This post is from The King's Fund Blog
Gone are the days when mental health was a niche public concern. Over the past few years there have been many advocates for ‘parity of esteem’ – a commitment to putting support for mental health on a par with support for physical health. That mental health is prominent in each of the Conservative, Labour and Liberal Democrat manifestos is a testament to these voices, and reflects a shift in public opinion that considers equitable treatment of mental ill health as a key policy agenda.
Current NHS strategy is outlined in The five year forward view for mental health, an action plan for improving mental health outcomes by 2020/21. Components of that plan are evident in all three manifestos – for example, all three make commitments to ending out-of-area placements although with slightly different emphases – but are most prominent in the manifestos of the Conservative and Liberal Democrat parties, perhaps reflecting the roles of the coalition and current government as architects of the service developments currently under way.
This reflection of the plan is welcome as there is a general consensus that, if implemented effectively, many of these developments have the potential to deliver measurable improvements in access to timely and effective treatment for mental ill health.
This takes us on to what the parties propose to do in addition to, and beyond, the life of the current plan. It is here that the parties diverge. Theresa May’s personal commitment to mental health is clear from her time at the Home Office where she oversaw a drive to reduce the use of police custody as a ‘place of safety’ for people experiencing a mental health crisis and her first speech as Prime Minister which focused on mental health as a ‘burning injustice’. The Conservative manifesto continues this narrative, but it is the proposal to use legislation to enact change that is most notable. The proposed replacement of the Mental Health Act 2007 presents opportunities to start afresh and address legislation which still reflects the original 1959 Act, passed at a time when most people with mental health problems were housed in asylums. However, what this aims to achieve remains unclear and it is hard to forget that previous attempts to introduce a Mental Health Bill in 2006 had to be abandoned because of a lack of consensus on what changes in legislation could effectively achieve and on the balance between state intervention and individual rights.
The Liberal Democrat manifesto reinforces their commitment to using access standards as a means of driving improvement – an approach instigated by the coalition government – with the introduction of a new standard in A&E. However, there is also evidence of the approach adopted by the West Midlands Mental Health Commission, chaired by Norman Lamb which prioritises implementation of service improvements where there is a good evidence of impact, and development of longer-term solutions in areas of identified need. The Liberal Democrat manifesto commits to the roll-out of two evidence-based models of support for people with mental ill health, Individual Placement and Support in employment services and Liaison and Diversion in criminal justice settings, while developing work around supporting good practice among employers and a campaign to improve mental resilience.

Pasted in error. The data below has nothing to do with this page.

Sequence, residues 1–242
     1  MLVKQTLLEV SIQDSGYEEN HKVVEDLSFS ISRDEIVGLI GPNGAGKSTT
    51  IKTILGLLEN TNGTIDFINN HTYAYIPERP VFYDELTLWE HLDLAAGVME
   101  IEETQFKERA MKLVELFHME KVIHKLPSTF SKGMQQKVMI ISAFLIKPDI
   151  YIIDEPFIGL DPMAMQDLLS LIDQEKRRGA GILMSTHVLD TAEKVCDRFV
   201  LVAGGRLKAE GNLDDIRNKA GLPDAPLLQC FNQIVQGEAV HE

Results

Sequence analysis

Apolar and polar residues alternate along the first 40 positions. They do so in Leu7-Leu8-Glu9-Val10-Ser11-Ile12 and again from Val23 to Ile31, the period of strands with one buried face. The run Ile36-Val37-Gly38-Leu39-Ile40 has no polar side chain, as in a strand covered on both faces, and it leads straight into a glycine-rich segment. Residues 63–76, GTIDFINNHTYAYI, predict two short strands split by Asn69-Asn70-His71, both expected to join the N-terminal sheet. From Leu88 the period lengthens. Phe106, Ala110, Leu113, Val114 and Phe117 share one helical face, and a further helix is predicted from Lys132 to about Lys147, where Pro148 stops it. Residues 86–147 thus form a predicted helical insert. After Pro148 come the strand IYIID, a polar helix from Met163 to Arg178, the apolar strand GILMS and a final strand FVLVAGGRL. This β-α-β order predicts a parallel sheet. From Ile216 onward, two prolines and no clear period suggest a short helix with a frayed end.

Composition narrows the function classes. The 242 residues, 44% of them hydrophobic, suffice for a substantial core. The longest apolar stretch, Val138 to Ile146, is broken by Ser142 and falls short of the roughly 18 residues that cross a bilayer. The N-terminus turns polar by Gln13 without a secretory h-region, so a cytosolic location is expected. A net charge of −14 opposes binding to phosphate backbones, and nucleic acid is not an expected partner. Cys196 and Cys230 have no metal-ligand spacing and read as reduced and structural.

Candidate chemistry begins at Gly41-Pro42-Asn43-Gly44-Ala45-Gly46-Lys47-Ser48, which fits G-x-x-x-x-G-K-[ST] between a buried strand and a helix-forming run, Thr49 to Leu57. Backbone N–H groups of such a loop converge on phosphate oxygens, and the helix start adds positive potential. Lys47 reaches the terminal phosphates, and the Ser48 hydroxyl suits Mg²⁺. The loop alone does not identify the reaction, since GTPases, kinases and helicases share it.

Labour’s commitments focus on mental health in children and young people. This includes a commitment to increasing the proportion of the mental health budget spend on support for children and young people, funding for schools-based counselling, and the introduction of a mental health indicator for children. There is also a pledge to work towards ‘a new model of community care’ that brings together mental health with primary care and social care, although the manifesto puts little flesh on the bones of this commitment.
Having a plan is the first step, but if there’s a ‘burning issue’ in mental health, it’s funding. All three parties have tackled this, but in different ways. Both the Liberal Democrats and Labour have opted for ring-fenced funding for mental health, but where the ring-fence is applied varies. The Liberal Democrats plan to raise an additional £6 billion of funding for the NHS from which £1 billion will be ring-fenced for investment in mental health. In contrast, the Labour commitment is to ring-fence ‘mental health budgets’ to ensure allocated funding reaches the front line. Experience suggests this may prove challenging and risks placing undue restrictions on what is funded and how, particularly given the breadth of mental health commissioning and the move towards greater integration. The Conservative manifesto reiterates their commitment to delivering the funding increases set out in the Mental Health Forward View. It is assumed that new manifesto commitments will be met through the £8 billion increase in NHS spending pledged by the end of the parliament, but the challenge of getting funding to the front line where it is most needed remains.
Each party offers a different plan for delivering improvements and different ways of funding it, but we can be sure that whichever government is in place after 8 June, mental health will be part of the policy agenda. Yet while we remain long way from the reality of ‘parity of esteem’, one thing that government can be certain of is that the pressure to deliver improvement in mental health will be ever present.